3. Encode certificate, key and trusted CA certificate with Base64.

    #Encode with Base64 and write each key to a file.
    base64 -w 0 k8senv.pem >> cert_base64
    base64 -w 0 k8senv.key >> key_base64
    base64 -w 0 trustedca.pem >> trustedca_base64
    
  4. Create backend using the values obtained from step 6.

    #Trident backend using cert-based auth
    $ cat cert-backend.json
    {
    "version": 1,
    "storageDriverName": "ontap-nas",
    "backendName": "NasBackend",
    "managementLIF": "1.2.3.4",
    "dataLIF": "1.2.3.8",
    "svm": "vserver_test",
    "clientCertificate": "Faaaakkkkeeee...Vaaalllluuuueeee",
    "clientPrivateKey": "LS0tFaKE...0VaLuES0tLS0K",
    "trustedCACertificate": "QNFinfO...SiqOyN",
    "storagePrefix": "myPrefix_"
    }
    
    #Create backend
    $ tridentctl create backend -f cert-backend.json -n trident
    +------------+----------------+--------------------------------------+--------+---------+
    |    NAME    | STORAGE DRIVER |                 UUID                 | STATE  | VOLUMES |
    +------------+----------------+--------------------------------------+--------+---------+
    | NasBackend | ontap-nas      | 98e19b74-aec7-4a3d-8dcf-128e5033b214 | online |       0 |
    +------------+----------------+--------------------------------------+--------+---------+
    

Updating Authentication Methods/Rotating Credentials

Users can update an existing backend to make use of a different authentication method or to rotate their credentials. This works both ways: backends that make use of username/password can be updated to use certificates; backends that utilize certificates can be updated to username/password based. To do this, an updated backend.json file containing the required parameters must be used to execute tridentctl backend update.

Note

When rotating passwords, the storage administrator must first update the password for the user on ONTAP. This is followed by a backend update. When rotating certificates, multiple certificates can be added to the user. The backend is then updated to use the new certificate, following which the old certificate can be deleted from the ONTAP cluster.

#Update backend.json to include chosen auth method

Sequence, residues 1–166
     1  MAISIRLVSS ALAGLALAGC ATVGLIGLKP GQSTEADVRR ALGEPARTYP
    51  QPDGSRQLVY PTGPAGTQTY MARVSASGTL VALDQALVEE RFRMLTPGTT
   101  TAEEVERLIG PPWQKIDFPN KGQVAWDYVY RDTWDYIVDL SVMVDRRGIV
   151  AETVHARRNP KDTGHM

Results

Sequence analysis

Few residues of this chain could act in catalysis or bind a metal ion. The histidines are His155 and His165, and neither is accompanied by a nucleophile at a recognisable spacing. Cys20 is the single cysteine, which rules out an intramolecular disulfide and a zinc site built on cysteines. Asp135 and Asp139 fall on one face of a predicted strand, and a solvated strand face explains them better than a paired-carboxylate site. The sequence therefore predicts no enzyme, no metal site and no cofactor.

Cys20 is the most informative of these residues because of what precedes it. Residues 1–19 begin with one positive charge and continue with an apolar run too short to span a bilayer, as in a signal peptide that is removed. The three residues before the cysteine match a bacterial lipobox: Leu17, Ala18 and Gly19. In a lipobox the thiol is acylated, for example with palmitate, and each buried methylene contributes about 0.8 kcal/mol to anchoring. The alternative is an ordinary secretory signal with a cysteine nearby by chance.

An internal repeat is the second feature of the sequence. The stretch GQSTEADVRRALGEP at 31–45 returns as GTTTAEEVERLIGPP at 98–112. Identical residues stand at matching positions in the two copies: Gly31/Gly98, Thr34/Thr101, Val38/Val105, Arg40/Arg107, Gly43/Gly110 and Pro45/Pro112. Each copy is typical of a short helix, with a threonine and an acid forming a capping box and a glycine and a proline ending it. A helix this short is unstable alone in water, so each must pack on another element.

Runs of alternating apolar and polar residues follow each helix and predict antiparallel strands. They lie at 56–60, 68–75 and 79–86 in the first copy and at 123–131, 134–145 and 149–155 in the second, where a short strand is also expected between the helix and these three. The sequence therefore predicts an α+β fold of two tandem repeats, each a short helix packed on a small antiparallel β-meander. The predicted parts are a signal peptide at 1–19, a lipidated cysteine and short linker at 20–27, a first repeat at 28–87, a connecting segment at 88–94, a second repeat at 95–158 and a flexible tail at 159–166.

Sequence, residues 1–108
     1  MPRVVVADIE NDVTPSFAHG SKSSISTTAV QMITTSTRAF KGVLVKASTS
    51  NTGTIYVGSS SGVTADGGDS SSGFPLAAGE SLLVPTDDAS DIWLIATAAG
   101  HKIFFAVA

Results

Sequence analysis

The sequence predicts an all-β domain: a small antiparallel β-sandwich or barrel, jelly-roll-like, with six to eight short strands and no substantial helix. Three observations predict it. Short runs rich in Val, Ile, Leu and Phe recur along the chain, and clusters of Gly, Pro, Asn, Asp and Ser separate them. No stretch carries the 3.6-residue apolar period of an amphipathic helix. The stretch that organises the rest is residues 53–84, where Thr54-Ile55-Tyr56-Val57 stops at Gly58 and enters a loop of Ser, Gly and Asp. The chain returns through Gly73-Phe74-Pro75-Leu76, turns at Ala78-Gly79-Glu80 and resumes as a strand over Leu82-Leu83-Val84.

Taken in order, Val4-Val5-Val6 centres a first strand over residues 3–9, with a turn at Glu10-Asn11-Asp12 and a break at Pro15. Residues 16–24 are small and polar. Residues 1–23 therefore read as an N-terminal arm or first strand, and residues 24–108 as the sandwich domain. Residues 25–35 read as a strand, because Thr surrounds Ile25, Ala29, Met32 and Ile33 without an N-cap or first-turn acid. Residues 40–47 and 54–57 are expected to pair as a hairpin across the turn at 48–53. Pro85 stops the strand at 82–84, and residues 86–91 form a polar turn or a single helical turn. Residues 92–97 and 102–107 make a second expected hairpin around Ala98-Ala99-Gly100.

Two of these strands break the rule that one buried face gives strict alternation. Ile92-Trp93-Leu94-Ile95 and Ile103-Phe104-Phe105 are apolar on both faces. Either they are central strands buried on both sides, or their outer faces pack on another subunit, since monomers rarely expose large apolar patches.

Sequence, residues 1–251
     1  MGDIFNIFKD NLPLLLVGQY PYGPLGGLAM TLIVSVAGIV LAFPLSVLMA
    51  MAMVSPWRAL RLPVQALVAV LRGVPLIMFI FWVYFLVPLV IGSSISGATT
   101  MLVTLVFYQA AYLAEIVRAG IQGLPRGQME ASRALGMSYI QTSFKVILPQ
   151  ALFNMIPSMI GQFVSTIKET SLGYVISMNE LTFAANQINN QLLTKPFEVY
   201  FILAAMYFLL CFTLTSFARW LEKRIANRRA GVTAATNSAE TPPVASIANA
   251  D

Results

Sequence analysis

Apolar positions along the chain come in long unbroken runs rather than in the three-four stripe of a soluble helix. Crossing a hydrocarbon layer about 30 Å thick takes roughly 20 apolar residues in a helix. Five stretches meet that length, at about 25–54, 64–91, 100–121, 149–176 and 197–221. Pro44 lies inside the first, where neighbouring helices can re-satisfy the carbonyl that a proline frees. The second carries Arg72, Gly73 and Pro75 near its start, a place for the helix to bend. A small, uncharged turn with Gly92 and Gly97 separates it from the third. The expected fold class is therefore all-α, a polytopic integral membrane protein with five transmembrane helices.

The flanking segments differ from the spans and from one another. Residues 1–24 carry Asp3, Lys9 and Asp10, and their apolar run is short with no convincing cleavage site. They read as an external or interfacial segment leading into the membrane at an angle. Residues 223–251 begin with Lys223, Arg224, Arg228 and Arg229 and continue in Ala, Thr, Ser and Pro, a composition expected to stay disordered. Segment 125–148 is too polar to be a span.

$ cat cert-backend-updated.json
{
"version": 1,
"storageDriverName": "ontap-nas",
"backendName": "NasBackend",
"managementLIF": "1.2.3.4",
"dataLIF": "1.2.3.8",
"svm": "vserver_test",
"username": "vsadmin",
"password": "secret",
"storagePrefix": "myPrefix_"
}

#Update backend with tridentctl
$ tridentctl update backend NasBackend -f cert-backend-updated.json -n trident
+------------+----------------+--------------------------------------+--------+---------+
|    NAME    | STORAGE DRIVER |                 UUID                 | STATE  | VOLUMES |
+------------+----------------+--------------------------------------+--------+---------+
| NasBackend | ontap-nas      | 98e19b74-aec7-4a3d-8dcf-128e5033b214 | online |       9 |
+------------+----------------+--------------------------------------+--------+---------+

Updating a backend does not disrupt access to volumes that have already been created, nor impact volume connections made after. A successful backend update indicates that Trident can communicate with the ONTAP backend and handle future volume operations.

Export-policy Management

Trident uses NFS export policies to control access to the volumes that it provisions.

Trident provides two options when working with export policies:

  1. Trident can dynamically manage the export policy itself; in this mode of operation, the storage admin specifies a list of CIDR blocks that represent admissible IP addresses. Trident adds node IPs that fall in these ranges to the export policy automatically. Alternatively, when no CIDRs are specified, any global-scoped unicast IP found on the nodes will be added to the export policy.
  2. Storage admins can create an export policy and add rules manually. Trident uses the default export policy unless a different export policy name is specified in the configuration.

With (1), Trident automates the management of export policies, creating an export policy and taking care of additions and deletions of rules to the export policy based on the worker nodes it runs on. As and when nodes are removed or added to the Kubernetes cluster, Trident can be set up to permit access to the nodes, thus providing a more robust way of managing access to the PVs it creates. Trident will create one export policy per backend. This feature requires CSI Trident. To learn more about this feature, continue to Dynamic Export Policy Management.

With (2), Trident does not create or otherwise manage export policies themselves. The export policy must exist before the storage backend is added to Trident, and it needs to be configured to allow access to every worker node in the Kubernetes cluster. If the export policy is locked down to specific hosts, it will need to be updated when new nodes are added to the cluster and that access should be removed when nodes are removed as well.